Schnyder G, Roffi M, Pin R, et al.: Decreased rate of coronary restenosis after lowering of plasma homocysteine levels. N Engl J Med 2001, 345:1593–1600.PubMedCrossRefGoogle Scholar
  24. 24.
    Lange H, Suryapranata H, De Luca G, et al.: Folate therapy and in-stent restenosis after coronary stenting. N Engl J Med 2004, 350:2673–2681.PubMedCrossRefGoogle Scholar
  25. 25.
    Kaul S, Zadeh AA, Shah PK: Homocysteine hypothesis for atherothrombotic cardiovascular disease. J Am Coll Cardiol 2006, 48:914–923.PubMedCrossRefGoogle Scholar
  26. 26.
    Toole JF, Malinow MR, Chambless LE, et al.: Lowering homocysteine in patients with ischemic stroke to prevent recurrent stroke, myocardial infarction, and death: the Vitamin Intervention for Stroke Prevention (VISP) randomized controlled trial. JAMA 2004, 291:565–575.PubMedCrossRefGoogle Scholar
  27. 27.
    Spence JD, Bang H, Chambless LE, Stampfer MJ: Vitamin intervention for stroke prevention trial: an efficacy analysis. Stroke 2005 36:2404–2409.PubMedCrossRefGoogle Scholar
  28. 28.
    Bønaa KH, Njølstad I, Ueland PM, et al.: Homocysteine lowering and cardiovascular events after acute myocardial infarction. N Engl J Med 2006, 354:1578–1588.PubMedCrossRefGoogle Scholar
  29. 29.
    Bor MV, Refsum H, Bisp MR, et al.: Plasma vitamin B6 vitamers before and after oral vitamin B6 treatment: a randomized placebo controlled study. Clin Chem 2003, 49:155–161.PubMedCrossRefGoogle Scholar
  30. 30.
    Matsubara K, Mori M, Matsuura Y, Kato N: Pyridoxal 5-phosphate and pyridoxal inhibit angiogenesis in serumfree rat aortic ring assay. Int J Mol Med 2001, 8:505–508.PubMedGoogle Scholar
  31. 31.
    Lonn E, Yusuf S, Arnold MJ, et al.: Homocysteine lowering with folic acid and B vitamins in vascular disease. N Engl J Med 2006, 354:1567–1577.PubMedCrossRefGoogle Scholar
  32. 32.
    Bazzano LA, Reynolds K, Holder K, et al.: Effect of folic acid supplementation on risk of cardiovascular diseases: a meta-analysis of randomized controlled trials. JAMA 2006, 296:2720–2726.PubMedCrossRefGoogle Scholar
  33. 33.
    Schnyder G, Roffi M, Flammer Y, et al.: Effect of homocysteine-lowering therapy with folic acid, vitamin B12, and vitamin B6 on clinical outcome after percutaneous coronary intervention: the Swiss Heart study: a randomized controlled trial. JAMA 2002, 288:973–979.PubMedCrossRefGoogle Scholar
  34. 34.
    Liem AH, van Boven AJ, Veeger NJ, et al.: Efficacy of folic acid when added to statin therapy in patients with hypercholesterolemia following acute myocardial infarction: a randomized pilot trial. Int J Cardiol 2004, 93:175–179.PubMedCrossRefGoogle Scholar
  35. 35.
    Righetti M, Serbelloni P, Milani S, et al.: Homocysteine-lowering vitamin B treatment decreases cardiovascular events in hemodialysis patients. Blood Purif 2006, 24:379–386.PubMedCrossRefGoogle Scholar
  36. 36.
    Zoungas S, McGrath BP, Branley P, et al.: Cardiovascular morbidity and mortality in the Atherosclerosis and Folic Acid Supplementation Trial (ASFAST) in chronic renal failure: a multicenter, randomized controlled trial. J Am Coll Cardiol 2006, 47:1108–1116.PubMedCrossRefGoogle Scholar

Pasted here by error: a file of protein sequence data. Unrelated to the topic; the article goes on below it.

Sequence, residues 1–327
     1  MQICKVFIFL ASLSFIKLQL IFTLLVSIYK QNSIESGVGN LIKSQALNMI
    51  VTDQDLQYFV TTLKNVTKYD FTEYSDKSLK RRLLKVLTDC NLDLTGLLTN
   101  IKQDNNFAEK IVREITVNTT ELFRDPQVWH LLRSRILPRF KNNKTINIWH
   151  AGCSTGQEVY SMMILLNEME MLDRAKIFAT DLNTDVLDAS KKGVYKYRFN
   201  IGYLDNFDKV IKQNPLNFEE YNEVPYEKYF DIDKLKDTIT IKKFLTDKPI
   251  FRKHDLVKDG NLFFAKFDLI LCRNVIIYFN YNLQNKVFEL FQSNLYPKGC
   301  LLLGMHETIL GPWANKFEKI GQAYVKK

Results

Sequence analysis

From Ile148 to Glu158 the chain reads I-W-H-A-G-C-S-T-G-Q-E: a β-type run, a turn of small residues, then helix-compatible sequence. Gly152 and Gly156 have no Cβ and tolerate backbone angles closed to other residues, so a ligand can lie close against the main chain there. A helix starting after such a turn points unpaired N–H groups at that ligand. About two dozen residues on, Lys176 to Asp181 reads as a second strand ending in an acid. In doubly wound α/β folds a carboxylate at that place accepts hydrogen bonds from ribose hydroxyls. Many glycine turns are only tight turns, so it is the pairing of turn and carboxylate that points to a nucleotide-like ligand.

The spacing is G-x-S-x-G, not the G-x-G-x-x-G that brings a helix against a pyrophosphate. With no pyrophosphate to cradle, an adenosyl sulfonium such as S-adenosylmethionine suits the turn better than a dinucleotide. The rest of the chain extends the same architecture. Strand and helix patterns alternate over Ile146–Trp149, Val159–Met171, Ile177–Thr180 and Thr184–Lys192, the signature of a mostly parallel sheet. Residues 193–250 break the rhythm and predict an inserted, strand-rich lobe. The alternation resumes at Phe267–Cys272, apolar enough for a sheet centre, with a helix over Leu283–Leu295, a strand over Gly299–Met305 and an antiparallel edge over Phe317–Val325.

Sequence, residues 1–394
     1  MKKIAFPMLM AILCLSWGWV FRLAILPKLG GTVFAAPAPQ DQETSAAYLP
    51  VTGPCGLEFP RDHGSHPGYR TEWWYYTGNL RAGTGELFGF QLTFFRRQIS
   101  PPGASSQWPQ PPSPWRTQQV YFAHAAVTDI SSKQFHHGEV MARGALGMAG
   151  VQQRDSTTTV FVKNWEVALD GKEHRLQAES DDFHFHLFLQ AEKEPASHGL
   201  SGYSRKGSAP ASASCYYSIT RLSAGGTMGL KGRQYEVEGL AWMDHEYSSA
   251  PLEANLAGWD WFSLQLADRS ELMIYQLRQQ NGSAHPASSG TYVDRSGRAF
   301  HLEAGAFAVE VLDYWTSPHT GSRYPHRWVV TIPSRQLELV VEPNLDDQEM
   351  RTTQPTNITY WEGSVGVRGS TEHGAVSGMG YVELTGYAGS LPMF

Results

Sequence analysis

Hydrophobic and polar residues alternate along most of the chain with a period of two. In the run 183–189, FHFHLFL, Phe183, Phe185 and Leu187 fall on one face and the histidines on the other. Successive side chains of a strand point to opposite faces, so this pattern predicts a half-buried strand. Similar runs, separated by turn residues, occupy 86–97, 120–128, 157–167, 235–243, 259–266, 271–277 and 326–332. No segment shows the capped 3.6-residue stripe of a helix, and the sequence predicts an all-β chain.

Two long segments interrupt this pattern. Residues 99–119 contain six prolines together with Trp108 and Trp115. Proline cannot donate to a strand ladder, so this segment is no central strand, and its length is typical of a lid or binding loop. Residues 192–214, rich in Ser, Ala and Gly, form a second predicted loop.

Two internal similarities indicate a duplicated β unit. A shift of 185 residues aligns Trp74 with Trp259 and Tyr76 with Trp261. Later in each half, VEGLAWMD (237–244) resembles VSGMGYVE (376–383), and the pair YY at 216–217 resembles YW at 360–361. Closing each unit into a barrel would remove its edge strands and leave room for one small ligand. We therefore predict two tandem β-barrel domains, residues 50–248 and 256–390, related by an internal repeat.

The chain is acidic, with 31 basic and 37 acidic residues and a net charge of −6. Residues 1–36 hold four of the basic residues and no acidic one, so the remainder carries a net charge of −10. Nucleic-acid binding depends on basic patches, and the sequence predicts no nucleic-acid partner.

37. 37.
    Liem A, Reynierse-Buitenwerf GH, Zwinderman AH, et al.: Secondary prevention with folic acid: results of the Goes extension study. Heart 2005, 91:1213–1214.PubMedCrossRefGoogle Scholar
  38. 38.
    Wrone EM, Hornberger JM, Zehnder JL, et al.: Randomized trial of folic acid for prevention for prevention of cardiovascular events in end-stage renal disease. J Am Soc Nephrol 2004, 15:420–426.PubMedCrossRefGoogle Scholar
  39. 39.
    Righetti M, Ferrario GM, Milani S, et al.: Effects of folic acid treatment on homocysteine levels and vascular disease in hemodialysis patients. Med Sci Monit 2003, 9:9PI19–9PI24.Google Scholar
  40. 40.
    Baker F, Picton D, Blackwood S, et al.: Blinded comparison of folic acid and placebo in patients with ischemic heart disease: an outcome trial. Circulation 2002, 106(Suppl 2):741S.Google Scholar
  41. 41.
    Wang X, Qin X, Demirtas H, et al.: Efficacy of folic acid supplementation in stroke prevention: a meta-analysis. Lancet 2007, 369:1876–1882.PubMedCrossRefGoogle Scholar
  42. 42.
    Mark SD, Wang W, Fraumeni JF Jr, et al.: Lowered risks of hypertension and cerebrovascular disease after vitamin/mineral supplementation: the Linxian Nutrition Intervention. Am J Epidemiol 1996, 143:658–664.PubMedGoogle Scholar
  43. 43.
    Albert C: A randomized trial of folic acid and B-vitamins in the secondary prevention of cardiovascular events in women: Results from the Women’s Antioxidant and Folic Acid Cardiovascular Study (WAFACS). Presented at the American Heart Association 2006 Scientific Sessions. Chicago; November 13, 2006.Google Scholar
  44. 44.
    Ebbing M: Results from the Western Norway B-Vitamin Intervention Trial (WENBIT). Presented at the European Society of Cardiology 2007 World Congress. Vienna; September 4, 2007.Google Scholar
  45. 45.
    Malinow MR, Bostom AG, Krauss RM: Homocyst(e)ine, diet, and cardiovascular diseases: a statement for healthcare professionals from the Nutrition Committee, American Heart Association. Circulation 1999, 99:178–182.PubMedGoogle Scholar
  46. 46.
    Vogel JHK, Bolling SF, Costello RB, et al.: Integrating complementary medicine into cardiovascular medicine. A report of the American College of Cardiology Foundation Task Force on Clinical Expert Consensus Documents (Writing Committee to Develop an Expert Consensus Document on Complementary and Integrative Medicine). J Am Coll Cardiol 2005, 46:184–221.PubMedCrossRefGoogle Scholar

Copyright information

© Current Medicine Group LLC 2008

Authors and Affiliations

  1. 1.Division of CardiologyCedars-Sinai Medical CenterLos AngelesUSA

Personalised recommendations